There are three ways to use the new PKR:

  1. Browse and click on color-coded boxes that appear as if by magic as you scroll down.
  2. Click on a category for all the ParenTips under that particular category.
  3. Go to the Site Map (link) for an:
    • a) alphabetical list of all ParenTips.
    • b) A list of all 8 categories with every ParenTip in that category listed alphabetically.

Or mix and match! Have fun as you get the information you need!

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Small children are social networking all the time. They are born with the ability to get the attention of adults and do their version of a “Tweet” to tell others what’s going on: I’m hungry! I’m wet! I’m bored! Babies also make eye contact to get our attention.

But some parents are OVER-DOING their social networking and cell phone usage.

I have noticed parents who are so glued to their cell phone that they are oblivious to their children. Kids get short-changed when Mommy is talking to a person on the phone instead of the child right there.

Cell phones are not going to go away and I won’t try to deny the benefits of a cell phone. Or deny how important they are in today’s busy families to keep track of everybody. But some of us over utilize our cell phone. One survey reported that 15% of respondents replied they interrupted sex to answer a cell phone! 7% answering another survey blamed the cell phone for loss of a relationship or job.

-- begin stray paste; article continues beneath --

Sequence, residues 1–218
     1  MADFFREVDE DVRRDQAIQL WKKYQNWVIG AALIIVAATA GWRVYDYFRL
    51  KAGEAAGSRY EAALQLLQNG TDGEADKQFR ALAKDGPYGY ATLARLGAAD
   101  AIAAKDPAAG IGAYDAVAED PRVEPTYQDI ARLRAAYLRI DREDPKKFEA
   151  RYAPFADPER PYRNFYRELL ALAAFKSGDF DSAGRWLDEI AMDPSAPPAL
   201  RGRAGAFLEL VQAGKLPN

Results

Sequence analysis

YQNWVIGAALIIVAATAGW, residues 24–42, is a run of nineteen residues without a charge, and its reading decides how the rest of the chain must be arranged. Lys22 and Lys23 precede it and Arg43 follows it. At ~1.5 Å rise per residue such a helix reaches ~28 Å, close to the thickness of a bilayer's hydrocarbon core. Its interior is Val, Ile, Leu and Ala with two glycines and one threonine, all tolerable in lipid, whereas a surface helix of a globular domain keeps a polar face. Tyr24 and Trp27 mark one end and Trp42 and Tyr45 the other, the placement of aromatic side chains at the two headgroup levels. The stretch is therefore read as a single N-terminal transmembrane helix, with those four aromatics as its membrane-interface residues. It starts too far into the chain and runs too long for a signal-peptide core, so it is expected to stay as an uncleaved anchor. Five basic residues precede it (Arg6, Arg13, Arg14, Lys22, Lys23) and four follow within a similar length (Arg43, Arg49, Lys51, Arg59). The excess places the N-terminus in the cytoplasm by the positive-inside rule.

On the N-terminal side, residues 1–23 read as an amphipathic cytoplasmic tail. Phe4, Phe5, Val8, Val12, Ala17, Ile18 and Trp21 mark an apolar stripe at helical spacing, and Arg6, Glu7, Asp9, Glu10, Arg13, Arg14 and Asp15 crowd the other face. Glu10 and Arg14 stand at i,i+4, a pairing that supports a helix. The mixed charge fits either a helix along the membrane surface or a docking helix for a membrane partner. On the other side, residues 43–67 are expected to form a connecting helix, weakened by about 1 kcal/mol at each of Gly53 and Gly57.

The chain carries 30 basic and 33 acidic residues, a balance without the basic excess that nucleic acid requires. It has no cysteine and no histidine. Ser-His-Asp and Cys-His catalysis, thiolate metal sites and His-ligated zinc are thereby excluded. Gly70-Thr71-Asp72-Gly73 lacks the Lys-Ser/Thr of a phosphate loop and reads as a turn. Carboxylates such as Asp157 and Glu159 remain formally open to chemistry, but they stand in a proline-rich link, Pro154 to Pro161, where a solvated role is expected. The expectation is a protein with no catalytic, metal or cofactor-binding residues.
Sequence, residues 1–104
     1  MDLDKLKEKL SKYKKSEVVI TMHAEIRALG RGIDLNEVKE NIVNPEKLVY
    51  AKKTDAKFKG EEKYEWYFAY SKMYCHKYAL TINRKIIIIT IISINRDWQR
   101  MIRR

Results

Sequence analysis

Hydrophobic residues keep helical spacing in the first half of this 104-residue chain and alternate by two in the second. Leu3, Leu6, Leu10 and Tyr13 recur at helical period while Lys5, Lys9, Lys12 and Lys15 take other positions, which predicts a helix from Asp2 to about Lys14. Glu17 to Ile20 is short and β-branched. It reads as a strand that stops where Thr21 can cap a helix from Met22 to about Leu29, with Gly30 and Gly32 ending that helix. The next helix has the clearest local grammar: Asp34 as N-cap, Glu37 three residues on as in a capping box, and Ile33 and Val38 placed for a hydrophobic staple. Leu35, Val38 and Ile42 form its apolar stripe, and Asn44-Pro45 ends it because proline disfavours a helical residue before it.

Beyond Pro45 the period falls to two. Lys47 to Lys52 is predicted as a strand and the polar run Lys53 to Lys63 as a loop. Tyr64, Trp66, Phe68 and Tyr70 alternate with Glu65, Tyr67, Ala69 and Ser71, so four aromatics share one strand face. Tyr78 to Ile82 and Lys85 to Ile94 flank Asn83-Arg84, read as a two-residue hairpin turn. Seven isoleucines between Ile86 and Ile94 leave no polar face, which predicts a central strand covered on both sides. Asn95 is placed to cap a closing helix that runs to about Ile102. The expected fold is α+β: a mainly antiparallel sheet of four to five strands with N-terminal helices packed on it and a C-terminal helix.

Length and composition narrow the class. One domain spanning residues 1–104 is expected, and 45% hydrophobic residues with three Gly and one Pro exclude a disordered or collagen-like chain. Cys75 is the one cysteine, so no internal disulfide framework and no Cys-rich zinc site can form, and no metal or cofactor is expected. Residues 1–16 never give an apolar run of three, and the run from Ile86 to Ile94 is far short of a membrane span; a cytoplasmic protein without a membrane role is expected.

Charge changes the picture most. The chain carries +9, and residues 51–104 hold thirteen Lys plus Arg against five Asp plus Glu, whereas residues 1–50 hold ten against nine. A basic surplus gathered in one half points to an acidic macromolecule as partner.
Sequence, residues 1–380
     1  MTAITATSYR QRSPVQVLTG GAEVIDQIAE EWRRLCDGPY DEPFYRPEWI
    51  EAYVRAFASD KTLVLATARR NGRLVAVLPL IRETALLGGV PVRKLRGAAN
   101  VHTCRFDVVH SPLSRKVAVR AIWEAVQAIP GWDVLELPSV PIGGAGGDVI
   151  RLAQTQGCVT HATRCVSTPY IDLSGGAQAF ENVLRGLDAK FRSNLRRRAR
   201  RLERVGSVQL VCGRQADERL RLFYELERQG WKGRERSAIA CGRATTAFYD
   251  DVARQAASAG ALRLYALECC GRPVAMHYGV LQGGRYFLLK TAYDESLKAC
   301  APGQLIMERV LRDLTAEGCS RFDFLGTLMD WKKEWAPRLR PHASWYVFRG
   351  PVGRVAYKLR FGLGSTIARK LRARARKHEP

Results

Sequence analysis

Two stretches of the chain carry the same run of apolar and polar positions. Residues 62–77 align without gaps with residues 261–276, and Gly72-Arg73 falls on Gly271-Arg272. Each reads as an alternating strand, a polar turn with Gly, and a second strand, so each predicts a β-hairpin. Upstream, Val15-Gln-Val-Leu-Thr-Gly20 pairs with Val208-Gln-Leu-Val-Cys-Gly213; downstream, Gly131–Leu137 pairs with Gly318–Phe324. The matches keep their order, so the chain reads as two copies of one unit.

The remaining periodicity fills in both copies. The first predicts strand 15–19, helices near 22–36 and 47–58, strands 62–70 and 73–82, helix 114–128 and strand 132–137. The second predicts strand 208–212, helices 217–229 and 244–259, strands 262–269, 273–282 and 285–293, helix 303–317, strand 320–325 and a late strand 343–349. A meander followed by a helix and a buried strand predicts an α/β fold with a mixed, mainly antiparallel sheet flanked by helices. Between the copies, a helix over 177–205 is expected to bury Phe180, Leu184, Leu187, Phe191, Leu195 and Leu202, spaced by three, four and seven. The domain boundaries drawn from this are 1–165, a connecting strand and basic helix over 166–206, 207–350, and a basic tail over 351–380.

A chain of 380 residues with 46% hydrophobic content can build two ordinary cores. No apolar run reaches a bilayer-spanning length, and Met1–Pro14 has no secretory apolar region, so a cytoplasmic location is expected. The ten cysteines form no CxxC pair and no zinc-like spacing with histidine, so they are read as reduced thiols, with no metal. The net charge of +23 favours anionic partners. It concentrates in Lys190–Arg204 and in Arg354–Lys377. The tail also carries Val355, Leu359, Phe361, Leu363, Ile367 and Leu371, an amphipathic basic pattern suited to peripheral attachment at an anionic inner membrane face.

Of course I own one but with rare exceptions mine is turned off. I use it when I need it, I am simply not available when others just want to talk. Message machines can easily keep us in touch without interfering with parenting or work. And every cell phone ever made can be turned off.

It’s courteous to turn off your cell phone when you are with other people who might not want to hear your conversation. Other people include your children.

Children need and crave attention from their parents. Full attention, focused attention, undivided attention, courteous attention. Not every minute but certainly some of the time. Children tell us when they need us. But if you are talking or Tweeting you are not paying attention.

Lately I have seen mothers texting or talking while totally ignoring the crying baby in the stroller. I have seen a father tell his toddler to shut up so he could hear the phone. Yesterday I saw a mother and father watch a phone video. They were laughing while the baby was whimpering.

Ignored children keep on crying or talking. Behaviors escalate until the child gets frantic or gives up in profound frustration which leads to sadness.

I was once seated next to a young mother on a plane who kept a potentially squirming toddler happy and content by keeping up a constant patter, noting any restlessness and providing a change of toys or books as well as snacks. This Mom was totally attentive to her child. When we landed I complimented her on her exemplary parenting.

So pay attention to your child who is social networking with you, or trying to. Little kids need their parent’s attention to know their parents love them, to learn about the world around them, and to be entertained for a while when things get boring. Instead of Tweeting keep up a running patter about what you are doing in the market, where the pasta is, what kind of fruit to buy. If I see you doing this in the market I’ll compliment your parenting too.

The most important connections are the people you are with, especially the little people, not the ones on the other end of the line.